decade was Satellite News Gathering (SNG). SNG made regional television
news possible, permitted local stations to cover national and international
events, and dramatically extended the newsgathering reach of stations.
Local TV news was thereby de-localized. One entrepreneur, Stanley
E. Hubbard II, deserves credit for beginning the SNG revolution.
Domestic satellites launched in the early 1980s had the new capability
of handling signals at a higher, more efficient, frequency band
than before--the "Ku band". Hubbard began Conus Communications to
purchase time on these satellites and offer it to a "cooperative"
of local stations. The stations would be able to cheaply reserve
satellite time in five minute increments to "uplink" a story from
the field to their studio, and to the rest of the stations in the
cooperative. Stations began to purchase sophisticated Satellite
News Vehicles (SNV) to drive to the scene of major stories anywhere
and transmit localized reports. Not coincidentally, Hubbard also
sold SNVs. The networks established plans to help affiliated stations
with the cost of purchasing SNVs (at around $300,000 each) in order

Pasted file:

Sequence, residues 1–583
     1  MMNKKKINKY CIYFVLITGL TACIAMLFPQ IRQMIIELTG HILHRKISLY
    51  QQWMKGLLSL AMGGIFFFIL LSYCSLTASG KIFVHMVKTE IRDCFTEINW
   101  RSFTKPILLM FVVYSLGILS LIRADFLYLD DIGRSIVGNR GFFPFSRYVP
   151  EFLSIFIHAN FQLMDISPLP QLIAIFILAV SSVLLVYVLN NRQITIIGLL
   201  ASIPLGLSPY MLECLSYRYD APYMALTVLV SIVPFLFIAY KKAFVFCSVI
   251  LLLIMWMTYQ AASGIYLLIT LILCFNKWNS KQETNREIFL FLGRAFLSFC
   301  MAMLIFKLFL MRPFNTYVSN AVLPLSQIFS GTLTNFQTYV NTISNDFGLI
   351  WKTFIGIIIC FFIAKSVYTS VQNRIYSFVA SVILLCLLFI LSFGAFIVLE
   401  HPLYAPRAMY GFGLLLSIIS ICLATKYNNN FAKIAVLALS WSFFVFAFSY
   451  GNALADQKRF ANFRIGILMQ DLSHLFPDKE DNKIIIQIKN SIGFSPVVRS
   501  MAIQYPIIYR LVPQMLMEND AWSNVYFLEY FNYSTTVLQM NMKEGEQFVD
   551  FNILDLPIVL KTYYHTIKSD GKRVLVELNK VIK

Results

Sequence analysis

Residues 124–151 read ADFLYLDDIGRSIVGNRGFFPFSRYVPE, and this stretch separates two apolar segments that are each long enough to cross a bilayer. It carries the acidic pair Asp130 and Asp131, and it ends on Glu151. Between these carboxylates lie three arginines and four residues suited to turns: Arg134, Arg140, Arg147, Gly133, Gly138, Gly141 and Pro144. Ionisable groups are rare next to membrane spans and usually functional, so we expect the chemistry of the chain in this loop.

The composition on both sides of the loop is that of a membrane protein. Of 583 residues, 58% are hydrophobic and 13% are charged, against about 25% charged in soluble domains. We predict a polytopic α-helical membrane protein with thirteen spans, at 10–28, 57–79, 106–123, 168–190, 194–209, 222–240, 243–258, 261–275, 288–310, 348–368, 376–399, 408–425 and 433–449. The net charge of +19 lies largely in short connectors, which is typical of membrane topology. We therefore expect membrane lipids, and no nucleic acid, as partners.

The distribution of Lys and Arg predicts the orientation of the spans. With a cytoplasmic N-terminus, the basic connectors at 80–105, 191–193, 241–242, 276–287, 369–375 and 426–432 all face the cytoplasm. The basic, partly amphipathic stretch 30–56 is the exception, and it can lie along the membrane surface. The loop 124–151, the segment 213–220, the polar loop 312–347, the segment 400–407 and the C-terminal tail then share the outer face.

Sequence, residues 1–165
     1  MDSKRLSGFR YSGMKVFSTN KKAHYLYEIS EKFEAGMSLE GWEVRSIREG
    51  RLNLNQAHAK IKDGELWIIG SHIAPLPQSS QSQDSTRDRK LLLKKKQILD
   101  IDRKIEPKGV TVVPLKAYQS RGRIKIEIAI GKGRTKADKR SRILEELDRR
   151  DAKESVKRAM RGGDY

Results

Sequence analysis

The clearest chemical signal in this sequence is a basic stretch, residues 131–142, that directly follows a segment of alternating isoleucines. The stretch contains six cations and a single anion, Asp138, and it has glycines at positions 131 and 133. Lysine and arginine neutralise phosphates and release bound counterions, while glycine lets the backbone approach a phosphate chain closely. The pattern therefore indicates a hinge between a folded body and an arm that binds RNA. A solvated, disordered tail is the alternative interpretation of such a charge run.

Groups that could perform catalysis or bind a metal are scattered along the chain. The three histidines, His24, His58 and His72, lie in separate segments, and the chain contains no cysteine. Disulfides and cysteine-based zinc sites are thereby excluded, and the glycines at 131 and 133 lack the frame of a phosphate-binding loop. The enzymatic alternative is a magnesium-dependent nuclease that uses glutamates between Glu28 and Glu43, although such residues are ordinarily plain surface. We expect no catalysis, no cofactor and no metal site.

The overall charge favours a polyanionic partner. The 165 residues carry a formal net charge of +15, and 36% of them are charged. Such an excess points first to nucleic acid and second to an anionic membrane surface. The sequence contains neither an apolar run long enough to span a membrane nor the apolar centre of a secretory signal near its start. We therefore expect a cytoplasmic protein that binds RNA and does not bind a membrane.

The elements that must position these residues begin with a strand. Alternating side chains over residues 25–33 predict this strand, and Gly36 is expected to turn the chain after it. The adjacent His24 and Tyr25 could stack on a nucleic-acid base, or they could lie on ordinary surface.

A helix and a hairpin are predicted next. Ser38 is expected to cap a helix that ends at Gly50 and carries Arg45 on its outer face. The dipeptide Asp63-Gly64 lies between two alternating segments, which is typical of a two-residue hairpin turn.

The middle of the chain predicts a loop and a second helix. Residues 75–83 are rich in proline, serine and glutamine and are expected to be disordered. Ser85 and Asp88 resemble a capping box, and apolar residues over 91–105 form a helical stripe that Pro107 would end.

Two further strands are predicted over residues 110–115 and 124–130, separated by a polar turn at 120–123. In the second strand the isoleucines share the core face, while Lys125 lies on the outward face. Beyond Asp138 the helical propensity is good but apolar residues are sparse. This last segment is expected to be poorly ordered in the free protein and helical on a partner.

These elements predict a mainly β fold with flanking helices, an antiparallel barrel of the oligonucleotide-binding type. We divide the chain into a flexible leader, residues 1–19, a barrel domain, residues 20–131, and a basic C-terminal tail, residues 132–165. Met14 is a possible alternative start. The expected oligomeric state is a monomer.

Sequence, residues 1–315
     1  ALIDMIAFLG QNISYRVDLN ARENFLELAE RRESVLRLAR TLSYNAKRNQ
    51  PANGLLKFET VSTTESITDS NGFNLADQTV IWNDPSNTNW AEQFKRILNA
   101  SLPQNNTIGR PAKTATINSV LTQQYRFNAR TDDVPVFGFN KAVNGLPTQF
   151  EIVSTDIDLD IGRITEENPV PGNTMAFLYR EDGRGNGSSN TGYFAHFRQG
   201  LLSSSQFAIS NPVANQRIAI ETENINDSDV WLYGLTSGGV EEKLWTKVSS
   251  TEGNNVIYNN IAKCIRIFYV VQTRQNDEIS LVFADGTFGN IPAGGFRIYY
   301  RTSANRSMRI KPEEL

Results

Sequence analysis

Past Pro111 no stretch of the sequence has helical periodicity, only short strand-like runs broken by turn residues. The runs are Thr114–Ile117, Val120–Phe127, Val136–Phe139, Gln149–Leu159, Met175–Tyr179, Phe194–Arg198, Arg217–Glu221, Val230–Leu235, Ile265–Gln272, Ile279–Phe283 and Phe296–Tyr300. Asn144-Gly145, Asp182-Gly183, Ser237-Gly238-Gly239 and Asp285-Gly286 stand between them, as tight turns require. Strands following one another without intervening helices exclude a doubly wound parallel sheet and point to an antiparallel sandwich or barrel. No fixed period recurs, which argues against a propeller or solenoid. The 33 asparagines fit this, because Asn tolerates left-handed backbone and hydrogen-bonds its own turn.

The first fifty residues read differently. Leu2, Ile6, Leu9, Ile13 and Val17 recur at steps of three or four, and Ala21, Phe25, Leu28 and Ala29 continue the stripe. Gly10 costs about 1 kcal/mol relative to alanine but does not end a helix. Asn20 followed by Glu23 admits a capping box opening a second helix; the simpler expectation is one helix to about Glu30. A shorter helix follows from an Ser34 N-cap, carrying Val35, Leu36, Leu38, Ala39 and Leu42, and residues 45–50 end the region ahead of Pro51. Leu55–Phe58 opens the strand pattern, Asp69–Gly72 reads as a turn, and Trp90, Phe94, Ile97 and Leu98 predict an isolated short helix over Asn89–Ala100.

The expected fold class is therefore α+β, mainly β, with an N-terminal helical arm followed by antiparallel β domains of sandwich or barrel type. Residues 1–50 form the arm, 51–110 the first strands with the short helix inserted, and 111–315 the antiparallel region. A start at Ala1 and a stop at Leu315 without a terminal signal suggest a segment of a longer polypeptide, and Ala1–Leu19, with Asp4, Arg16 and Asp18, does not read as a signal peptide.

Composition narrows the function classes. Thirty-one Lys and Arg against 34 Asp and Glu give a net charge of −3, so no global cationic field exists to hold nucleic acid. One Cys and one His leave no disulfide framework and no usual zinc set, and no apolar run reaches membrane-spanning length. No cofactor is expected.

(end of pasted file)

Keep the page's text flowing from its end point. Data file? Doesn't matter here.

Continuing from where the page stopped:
to create their own cooperatives of live sources nationwide and
ensure they alone would receive any important story a network-funded
SNG has contributed to a massive proliferation of visual sources
for television news during the last decade. Stations may receive
stories from one or more satellite cooperatives they belong to,
their own network (if an affiliate), CNN (if they have an exchange
agreement, as many do), international video news agencies (at the
largest operations), other specialized subscription services, public
relations firms, and their own news gathering resources. Stations
may not always have the perfect visuals to illustrate a story, but
visuals are never lacking. Many stations also encourage viewers
to submit "news" they have recorded with their home camcorder. A
final TV news innovation has emerged as the gimmick of the 1990s--helicopter
news coverage. Larger stations buy or lease helicopters to get videographers
to distant events quickly, to provide live aerial coverage of breaking
news, especially the ever-popular police chase, and to serve as
airborne microwave relays, extending a station's live coverage range.
They have often become news themselves by interfering in and participating
in emergency situations.
proliferation of sources and the ability to instantly and inexpensively
send and receive stories within virtually unlimited geographic areas
gave rise to regional news, which has emerged in several forms.
An early example of regional television news was an agreement between